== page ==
Different countries say to start solid food at different ages and this advice is often changing. This blog is not designed to be a rigid guide but instead it is here to help give you ideas and get you excited about introducing your baby to solids. You will know when it is time to begin introducing solids but key things to look out for are:
- Your baby can sit upright and hold their own head up well without support
- Starts to seem curious and interested in the food that you are eating
- Your baby has lost the ‘tongue thrust’ reflex – this means that if you put a spoon of puree into your babys mouth they wouldn’t automatically push it back out with their tongue
Another thing to remember is that milk (breast or formula) is still the main source of nutrition for a baby and can be up to the age of 12months. You can introduce cooled boiled water as a drink for your baby once they start solid food. It must always be freshly boiled water (not previously boiled) and should be left to cool then placed into a clean beaker or sippy cup.
Each post will be tagged with either ‘Stage 1’ ‘first tastes’ ‘Stage 2’ ‘Finger food’ and/or ‘family meals’. This will make is easy for you to navigate all the recipes and find the ones appropriate for you. There are also ‘helpful hints’ and ‘guides’ which you can search for too.
Stage 1 or First tastes are exactly that. Recipes for the first tastes of solid food. These will always be purees and are often single flavors which you can then mix and match. These are the foods to start with.
Stage 2 – once your baby has mastered swallowing purees and has been happily trying new foods for a few weeks you can start to try foods with a lumpier consistency. This helps your baby learn to swallow more effectively but also helps to increase the mastication/chewing motion of their jaw.
Finger food – at the same time that solid foods are introduced you’ll probably notice that your baby can both ‘rake’ items towards themselves but that they can also use their pincer grip to pick up smaller items and lift them towards their face. This means that you can also offer them baby friendly finger food and allow them to feed themselves. We mix both spoon feeding and self feeding but if you want to skip spoon feeding all together then read up on ‘baby led weaning/feeding’
Family recipes – these are recipes that can be adapted to suit all the family. It may be that parts of it can be used as finger food or that it is safe to puree or mash. It may also be suitable for a 12 month + baby to eat. It will always say in the recipe and will have an explanation of what to do.
To get prepared stock up on silicon ice-cube trays.You can then make a recipe or two and then freeze in mini portions. Once they are frozen pop them out into freezer bags and label the bags. In the morning you can take however many cubes you need out and leave them to defrost for lunch or dinner. Let them defrost in the fridge in a sealed container. Babies will eat only a small amount to begin with and then increase it as they want to. That is why ice cube portions make sense as they are easy to mix and match and quick to defrost.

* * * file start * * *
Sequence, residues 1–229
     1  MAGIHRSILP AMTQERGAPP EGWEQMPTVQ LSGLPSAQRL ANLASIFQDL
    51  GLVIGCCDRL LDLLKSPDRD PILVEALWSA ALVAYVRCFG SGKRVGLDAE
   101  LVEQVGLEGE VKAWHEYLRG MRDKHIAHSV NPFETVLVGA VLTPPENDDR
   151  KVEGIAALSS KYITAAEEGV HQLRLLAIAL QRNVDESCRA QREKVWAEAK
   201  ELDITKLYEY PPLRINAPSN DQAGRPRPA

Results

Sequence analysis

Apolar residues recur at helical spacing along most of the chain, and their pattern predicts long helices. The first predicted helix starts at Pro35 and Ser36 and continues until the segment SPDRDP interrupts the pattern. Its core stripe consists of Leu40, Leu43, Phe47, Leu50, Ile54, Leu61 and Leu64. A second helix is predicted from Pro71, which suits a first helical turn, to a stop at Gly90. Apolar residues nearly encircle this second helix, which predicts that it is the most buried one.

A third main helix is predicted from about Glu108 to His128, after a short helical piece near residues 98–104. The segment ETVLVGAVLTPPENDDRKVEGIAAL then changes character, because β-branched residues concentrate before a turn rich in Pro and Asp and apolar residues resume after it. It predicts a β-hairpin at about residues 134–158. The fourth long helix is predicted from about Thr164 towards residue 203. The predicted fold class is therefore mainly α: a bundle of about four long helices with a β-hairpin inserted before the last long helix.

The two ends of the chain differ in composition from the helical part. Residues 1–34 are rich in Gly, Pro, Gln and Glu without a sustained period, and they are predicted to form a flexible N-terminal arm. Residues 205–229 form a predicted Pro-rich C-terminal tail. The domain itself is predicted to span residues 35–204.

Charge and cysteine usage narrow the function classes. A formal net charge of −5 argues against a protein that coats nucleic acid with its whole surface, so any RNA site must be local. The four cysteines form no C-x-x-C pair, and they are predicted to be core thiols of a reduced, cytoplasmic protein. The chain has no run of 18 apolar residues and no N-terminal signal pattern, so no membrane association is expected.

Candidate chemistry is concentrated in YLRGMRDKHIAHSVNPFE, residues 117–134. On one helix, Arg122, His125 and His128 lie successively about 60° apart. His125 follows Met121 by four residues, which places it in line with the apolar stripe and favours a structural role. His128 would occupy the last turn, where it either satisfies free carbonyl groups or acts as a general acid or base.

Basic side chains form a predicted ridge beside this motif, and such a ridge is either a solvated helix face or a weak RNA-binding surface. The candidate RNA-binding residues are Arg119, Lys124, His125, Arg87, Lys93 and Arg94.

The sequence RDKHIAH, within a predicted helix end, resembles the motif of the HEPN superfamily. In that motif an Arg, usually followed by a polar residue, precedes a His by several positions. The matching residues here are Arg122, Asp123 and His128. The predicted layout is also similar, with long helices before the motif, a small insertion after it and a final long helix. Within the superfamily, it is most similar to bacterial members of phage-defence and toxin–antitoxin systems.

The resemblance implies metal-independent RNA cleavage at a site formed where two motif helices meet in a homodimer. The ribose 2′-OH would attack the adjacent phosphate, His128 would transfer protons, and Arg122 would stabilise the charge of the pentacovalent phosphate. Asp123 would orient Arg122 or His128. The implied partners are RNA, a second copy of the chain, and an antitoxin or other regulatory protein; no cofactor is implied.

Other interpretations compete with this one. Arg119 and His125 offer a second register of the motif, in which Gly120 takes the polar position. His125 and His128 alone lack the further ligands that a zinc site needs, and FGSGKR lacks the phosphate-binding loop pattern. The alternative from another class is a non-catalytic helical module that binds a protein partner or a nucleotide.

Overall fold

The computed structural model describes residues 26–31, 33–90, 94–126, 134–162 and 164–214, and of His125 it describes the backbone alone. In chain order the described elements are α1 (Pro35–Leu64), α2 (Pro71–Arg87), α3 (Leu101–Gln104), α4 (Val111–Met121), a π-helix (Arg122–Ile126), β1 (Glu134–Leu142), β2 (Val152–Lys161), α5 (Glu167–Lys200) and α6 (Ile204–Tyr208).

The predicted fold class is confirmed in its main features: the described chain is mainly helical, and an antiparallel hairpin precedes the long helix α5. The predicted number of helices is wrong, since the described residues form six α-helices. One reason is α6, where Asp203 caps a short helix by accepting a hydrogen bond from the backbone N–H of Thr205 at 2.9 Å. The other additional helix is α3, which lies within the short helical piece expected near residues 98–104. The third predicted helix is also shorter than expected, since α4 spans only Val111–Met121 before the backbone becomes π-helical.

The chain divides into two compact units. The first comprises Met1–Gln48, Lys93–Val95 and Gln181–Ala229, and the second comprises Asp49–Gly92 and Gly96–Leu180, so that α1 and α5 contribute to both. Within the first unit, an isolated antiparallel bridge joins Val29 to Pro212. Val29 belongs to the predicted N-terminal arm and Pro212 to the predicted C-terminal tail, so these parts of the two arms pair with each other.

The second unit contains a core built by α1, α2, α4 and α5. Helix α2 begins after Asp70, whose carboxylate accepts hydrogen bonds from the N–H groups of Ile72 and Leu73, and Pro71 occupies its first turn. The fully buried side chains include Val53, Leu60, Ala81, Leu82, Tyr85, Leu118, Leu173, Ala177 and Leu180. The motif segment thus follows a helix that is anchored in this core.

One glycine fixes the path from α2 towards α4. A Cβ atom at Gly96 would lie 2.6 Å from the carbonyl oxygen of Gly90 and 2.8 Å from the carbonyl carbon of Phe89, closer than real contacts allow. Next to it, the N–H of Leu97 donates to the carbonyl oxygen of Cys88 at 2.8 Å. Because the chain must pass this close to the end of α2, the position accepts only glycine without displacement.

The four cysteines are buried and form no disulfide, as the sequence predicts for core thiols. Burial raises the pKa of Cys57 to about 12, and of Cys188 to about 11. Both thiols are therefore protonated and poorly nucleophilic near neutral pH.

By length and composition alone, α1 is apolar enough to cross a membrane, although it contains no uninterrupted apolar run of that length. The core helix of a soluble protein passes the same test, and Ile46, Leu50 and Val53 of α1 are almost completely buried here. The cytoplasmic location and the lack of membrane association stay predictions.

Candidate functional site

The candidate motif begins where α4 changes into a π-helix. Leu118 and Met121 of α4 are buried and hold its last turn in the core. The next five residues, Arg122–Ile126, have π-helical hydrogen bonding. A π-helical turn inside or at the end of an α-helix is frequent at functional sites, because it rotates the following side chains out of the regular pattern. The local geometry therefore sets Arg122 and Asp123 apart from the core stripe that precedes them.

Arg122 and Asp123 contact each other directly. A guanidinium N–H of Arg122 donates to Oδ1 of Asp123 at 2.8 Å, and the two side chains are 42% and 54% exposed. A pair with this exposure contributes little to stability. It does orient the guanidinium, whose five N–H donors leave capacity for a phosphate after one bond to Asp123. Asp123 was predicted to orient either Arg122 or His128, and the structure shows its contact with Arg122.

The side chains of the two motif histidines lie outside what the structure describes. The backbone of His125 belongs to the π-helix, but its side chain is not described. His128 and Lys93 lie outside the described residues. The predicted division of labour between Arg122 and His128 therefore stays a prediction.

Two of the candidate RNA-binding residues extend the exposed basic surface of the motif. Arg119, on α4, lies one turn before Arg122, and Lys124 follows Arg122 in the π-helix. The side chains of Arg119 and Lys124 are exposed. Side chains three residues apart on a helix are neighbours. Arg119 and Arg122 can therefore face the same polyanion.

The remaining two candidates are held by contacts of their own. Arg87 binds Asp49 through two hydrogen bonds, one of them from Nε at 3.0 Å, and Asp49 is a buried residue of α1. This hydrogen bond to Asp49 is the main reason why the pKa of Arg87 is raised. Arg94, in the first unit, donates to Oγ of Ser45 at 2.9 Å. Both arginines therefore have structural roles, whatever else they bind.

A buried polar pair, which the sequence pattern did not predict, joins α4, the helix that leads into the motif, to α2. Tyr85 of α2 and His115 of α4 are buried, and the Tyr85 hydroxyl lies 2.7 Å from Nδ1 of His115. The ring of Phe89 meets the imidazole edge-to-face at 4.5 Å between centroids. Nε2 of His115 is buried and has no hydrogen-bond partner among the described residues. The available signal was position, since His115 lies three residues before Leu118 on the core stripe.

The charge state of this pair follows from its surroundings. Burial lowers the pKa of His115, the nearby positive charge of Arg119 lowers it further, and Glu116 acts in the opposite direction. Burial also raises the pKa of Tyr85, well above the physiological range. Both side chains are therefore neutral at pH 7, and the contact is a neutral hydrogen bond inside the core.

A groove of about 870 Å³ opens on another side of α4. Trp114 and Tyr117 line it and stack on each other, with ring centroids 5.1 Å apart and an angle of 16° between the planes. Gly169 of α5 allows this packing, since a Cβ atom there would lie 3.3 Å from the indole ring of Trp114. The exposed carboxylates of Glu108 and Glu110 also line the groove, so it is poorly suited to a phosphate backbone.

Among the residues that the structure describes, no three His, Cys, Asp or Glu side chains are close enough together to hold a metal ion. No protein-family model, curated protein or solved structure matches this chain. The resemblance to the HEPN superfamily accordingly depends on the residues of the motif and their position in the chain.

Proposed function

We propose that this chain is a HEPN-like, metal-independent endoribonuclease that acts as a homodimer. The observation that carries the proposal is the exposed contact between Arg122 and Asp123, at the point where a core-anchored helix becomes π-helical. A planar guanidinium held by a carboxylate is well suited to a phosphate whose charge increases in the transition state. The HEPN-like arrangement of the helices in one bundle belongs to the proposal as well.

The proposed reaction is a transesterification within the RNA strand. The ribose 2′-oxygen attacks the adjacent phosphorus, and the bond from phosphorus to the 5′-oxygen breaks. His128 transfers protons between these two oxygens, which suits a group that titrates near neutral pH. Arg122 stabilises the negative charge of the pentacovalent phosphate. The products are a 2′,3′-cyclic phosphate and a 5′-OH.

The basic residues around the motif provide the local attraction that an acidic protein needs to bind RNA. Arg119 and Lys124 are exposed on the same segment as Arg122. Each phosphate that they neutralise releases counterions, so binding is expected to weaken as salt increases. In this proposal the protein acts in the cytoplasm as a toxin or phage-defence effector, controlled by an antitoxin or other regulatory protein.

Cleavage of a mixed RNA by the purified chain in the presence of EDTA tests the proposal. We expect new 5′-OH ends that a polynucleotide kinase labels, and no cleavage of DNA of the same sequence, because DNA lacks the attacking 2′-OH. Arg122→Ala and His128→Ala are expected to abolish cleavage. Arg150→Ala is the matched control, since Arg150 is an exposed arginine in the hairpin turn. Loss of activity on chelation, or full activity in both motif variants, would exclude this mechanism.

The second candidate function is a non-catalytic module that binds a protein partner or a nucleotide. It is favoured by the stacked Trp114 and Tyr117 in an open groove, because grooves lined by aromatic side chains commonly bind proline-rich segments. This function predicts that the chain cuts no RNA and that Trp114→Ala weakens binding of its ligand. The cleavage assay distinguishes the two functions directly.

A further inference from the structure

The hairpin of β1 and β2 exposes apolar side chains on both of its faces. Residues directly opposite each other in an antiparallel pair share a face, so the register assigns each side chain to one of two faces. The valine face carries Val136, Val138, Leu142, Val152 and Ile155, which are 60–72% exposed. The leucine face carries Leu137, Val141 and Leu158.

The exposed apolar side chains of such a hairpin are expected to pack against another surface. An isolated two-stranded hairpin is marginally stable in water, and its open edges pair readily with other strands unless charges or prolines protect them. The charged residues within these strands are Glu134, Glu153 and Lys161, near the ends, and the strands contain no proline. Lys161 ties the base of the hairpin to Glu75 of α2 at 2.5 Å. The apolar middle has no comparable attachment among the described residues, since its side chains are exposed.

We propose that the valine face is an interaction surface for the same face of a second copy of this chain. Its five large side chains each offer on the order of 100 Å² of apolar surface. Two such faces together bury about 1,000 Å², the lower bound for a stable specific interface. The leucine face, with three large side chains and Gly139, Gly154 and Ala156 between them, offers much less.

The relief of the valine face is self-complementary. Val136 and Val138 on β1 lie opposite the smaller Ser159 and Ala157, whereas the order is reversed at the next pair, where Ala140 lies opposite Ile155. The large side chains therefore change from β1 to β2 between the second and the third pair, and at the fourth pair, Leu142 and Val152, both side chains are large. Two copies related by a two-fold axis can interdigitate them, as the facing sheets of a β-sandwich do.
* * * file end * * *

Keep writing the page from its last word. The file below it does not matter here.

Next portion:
You will also need:
Baby spoons – these are softer than teaspoons and gentler on their gums and teeth buds. We love these ones
Bibs – for obvious reasons. Buy bulk over cuteness, they see a lot of mess and carrot stains do not come out. We like these cloth ones as they can also be worn out and about but also these ones with sleeves
Sippy cup/water beaker – as you increase solids and especially once you add in proteins, you need to add in boiled cooled water to your babies diet. We love this rice cup for meal times and this bottle for on the go
You can introduce a new food into the mix every couple of days. And you can mix these foods once you know they are a hit. Sometimes your baby wont like a food or will love it one day and then hate it the next. DO NOT PANIC! I read somewhere that you have to try a new taste seven times in a positive environment until you know if you like it. Just keep trying and remember that cooked broccoli tastes different to raw broccoli that tastes different to roasted broccoli so don’t write a food off if it isn’t an instant hit. Babies often prefer sweet food to begin with so root vegetables and fruit are normally a good place to start.
Once your baby is managing to eat fruit, vegetables and cereals then you can add in proteins. These can be tofu, beans, lentils and pulses and meat. Go slowly as protein is harder to digest and needs to be given in small quantities to begin with.
Most importantly of all, have fun. There are no set amounts that your baby needs to eat, so let them taste and play and enjoy. As they become confident with food, let them get their hands dirty and feed themselves, experiment with tastes and spices. You are setting up their tastebuds for life.